Toward a(second best)n Industry Standard

To maximize the industry – and legal -- value of using a Founder Accord, we are encouraging a push for industry-wide adoption. Over time, if the Founder Accord is recognized as an industry standard for early stage company formation, it can become a credible basis for the claims spurned founders. Conversely – and of perhaps greater use – it can protect legitimate founder teams from “opportunistic” sorts coming out of the proverbial woodwork after their company thrives (since in a world where all legitimate founders executed a Founder Accord, a claimant who did not would have some explaining to do). As an industry standard, the Founder Accord remains second best (http://a.sarva.co/the-elite-ethic/#comments), but it may serve to enable greater cooperation among members of an open community that is in an intentional state of continuous motion.

A Sample Founder Accord

This Founder Accord among the Founders of XXXXXX, Inc., memorializes the respective rights and obligations of the Founders prior to the creation and execution of customary corporate actions and long form agreements pertaining to these matters (“Formal Setup”). The terms and conditions specified in this Founder Accord shall control any future disagreements among the Founders with respect to the matters covered herein until such time as the Company completes the Formal Setup consistent with the terms of this Founder Accord to supersede it. The Founders anticipate completing the Formal Setup in connection either with the Company’s initial financing or at such time that the Company’s revenues are sufficient to permit such expenditures, but desire to enter into this agreement to confirm their collective understanding, and for this agreement to be legally binding, as to the matters sufficiently described herein.

Issue

Agreement

Notes

Company/Status

XXXXXX, Inc. Simple charter filed in Delaware.

Full organization, capitalization to be completed as determined by the Founders.

Business Idea

Half hour comedy “television” program utilizing overt and exaggerated slapstick humor.

“Television” is an emerging technology that transmits cinematic images directly into a magic box installed in individual homes. These images can then be viewed in your living room.

Founders

Larry, Moe, Curly

Equity

Larry: XX%

Moe: XX%

Curly: XX%

Curly is current sole stockholder. Equity to be allocated upon corporate organization.

Titles

Larry: CTO

Moe: CEO & President

Curly: Chairman

Board

Larry, Moe & Curly

Simple majority for all Board decisions. Any exceptions TBD.

Vesting

-- 4 year reverse vesting

-- 1 year cliff; quarterly thereafter

Vesting Commencement Dates

Larry: as of [date]

Moe: as of [date]

Curly: as of [date]

-- Vesting agreements to reflect vested portion at time that the agreements are created.

-- Continuous involvement required, but full time / exclusive status not required for continuous vesting prior to Formal Setup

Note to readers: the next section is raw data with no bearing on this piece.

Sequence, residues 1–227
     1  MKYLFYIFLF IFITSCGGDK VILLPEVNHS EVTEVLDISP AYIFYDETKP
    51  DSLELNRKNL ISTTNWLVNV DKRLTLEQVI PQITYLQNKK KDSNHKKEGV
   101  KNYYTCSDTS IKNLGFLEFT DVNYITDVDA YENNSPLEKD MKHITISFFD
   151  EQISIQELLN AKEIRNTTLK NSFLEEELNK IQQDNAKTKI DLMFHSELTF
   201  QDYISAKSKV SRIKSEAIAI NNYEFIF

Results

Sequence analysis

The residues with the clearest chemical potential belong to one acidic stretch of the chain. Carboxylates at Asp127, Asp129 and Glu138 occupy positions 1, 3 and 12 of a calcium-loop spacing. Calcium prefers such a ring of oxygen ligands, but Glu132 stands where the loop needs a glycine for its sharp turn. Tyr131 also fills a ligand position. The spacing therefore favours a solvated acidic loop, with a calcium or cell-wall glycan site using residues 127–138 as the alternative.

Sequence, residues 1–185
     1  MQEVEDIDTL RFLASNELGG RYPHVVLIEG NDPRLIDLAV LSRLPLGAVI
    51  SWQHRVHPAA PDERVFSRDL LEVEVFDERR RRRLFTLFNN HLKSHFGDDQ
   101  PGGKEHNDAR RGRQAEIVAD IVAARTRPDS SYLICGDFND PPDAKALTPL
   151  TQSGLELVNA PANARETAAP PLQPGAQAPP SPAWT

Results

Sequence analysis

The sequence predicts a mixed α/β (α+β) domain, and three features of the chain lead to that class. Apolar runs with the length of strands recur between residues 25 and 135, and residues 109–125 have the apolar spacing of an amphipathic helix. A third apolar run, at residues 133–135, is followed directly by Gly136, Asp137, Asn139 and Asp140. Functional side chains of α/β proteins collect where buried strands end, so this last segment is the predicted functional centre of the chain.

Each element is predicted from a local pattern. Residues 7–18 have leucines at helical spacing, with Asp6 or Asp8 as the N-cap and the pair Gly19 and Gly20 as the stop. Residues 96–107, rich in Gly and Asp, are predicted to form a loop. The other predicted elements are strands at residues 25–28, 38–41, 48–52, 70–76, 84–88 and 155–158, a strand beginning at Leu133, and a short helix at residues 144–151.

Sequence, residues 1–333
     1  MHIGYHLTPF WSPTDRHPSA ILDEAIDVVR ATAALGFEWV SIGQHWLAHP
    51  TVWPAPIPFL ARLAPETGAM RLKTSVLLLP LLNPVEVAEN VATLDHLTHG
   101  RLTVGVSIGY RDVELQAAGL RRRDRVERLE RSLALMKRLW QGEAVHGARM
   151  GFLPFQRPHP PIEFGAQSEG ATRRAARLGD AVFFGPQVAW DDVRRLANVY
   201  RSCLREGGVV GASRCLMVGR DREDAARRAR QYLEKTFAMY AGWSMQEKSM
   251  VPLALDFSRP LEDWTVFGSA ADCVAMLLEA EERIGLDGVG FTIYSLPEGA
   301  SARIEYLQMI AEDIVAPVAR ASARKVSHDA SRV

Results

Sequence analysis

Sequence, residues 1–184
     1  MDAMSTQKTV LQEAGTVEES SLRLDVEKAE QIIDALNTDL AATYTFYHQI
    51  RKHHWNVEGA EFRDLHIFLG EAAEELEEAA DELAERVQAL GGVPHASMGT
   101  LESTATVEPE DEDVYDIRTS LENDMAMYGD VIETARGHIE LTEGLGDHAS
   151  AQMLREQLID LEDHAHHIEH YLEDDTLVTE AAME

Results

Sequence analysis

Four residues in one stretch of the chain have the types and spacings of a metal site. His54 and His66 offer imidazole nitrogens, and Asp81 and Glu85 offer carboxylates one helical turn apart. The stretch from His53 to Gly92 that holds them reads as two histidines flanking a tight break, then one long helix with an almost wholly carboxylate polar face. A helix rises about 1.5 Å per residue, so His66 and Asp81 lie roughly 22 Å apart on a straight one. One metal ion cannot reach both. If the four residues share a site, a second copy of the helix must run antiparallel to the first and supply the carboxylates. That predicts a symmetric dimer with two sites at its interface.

Commitment/Outside activities

Larry: Part time status (for supplemental compensation) until sufficient initial funding obtained.

Moe: Part time status until sufficient initial funding obtained. (for supplemental compensation).

Curly: Full time status

Salary or other cash compensation

Larry: TBD at Formal Setup

Moe: TBD at Formal Setup

Curly: TBD at Formal Setup

Company IP, Confidentiality, etc.

Each Founder will enter into a customary long form PIIA Agreement in connection with Formal Setup, but each Founder agrees as of the date of this Founder Accord that he:

-- will not utilize any Company IP for any purpose unrelated to the Company

-- will assign any IP he created or developed in connection with his relationship with the Company to the Company

-- will not disclose any confidential information regarding the Company to any third party other than in furtherance of the Company’s business.

Modifications

Changes to this Founder Accord shall require the consent of all Founders.

Disputes

Should any dispute arise, the Founders shall attempt to resolve it in good faith. If such efforts fail, New York law shall apply and the courts of New York, NY shall be the forum for any dispute resolution proceeding.

_______________________ ________________________ _______________________

Larry Moe Curly

January __, 2014 January __, 2014 January __, 2014

What’s Next

We are in the process of broadcasting this article to as many people as we can. Please do the same. For the “on the go” crowd, you can access a mobile version of the Founder Accord here -- https://www.shakelaw.com/founder-accord/ -- courtesy of our friends at ShakeLaw. We also have a forum on a separate tab on our website where anyone who is interested can provide their questions or comments and receive my feedback. Finally, you are always welcome to contact me at charles@mcoblaw.com.

By the way, most of you who are reading this know this already, but just for the record: "The Founder Accord and the information contained above do not constitute legal advice, and the use or viewing of this site does not create any attorney-client privilege. You should consult with an attorney prior to signing or otherwise entering into any legal agreement."

[1] And once you form a company, you are stuck with it, including ongoing obligations for tax filings, etc., even if the company is not profitable.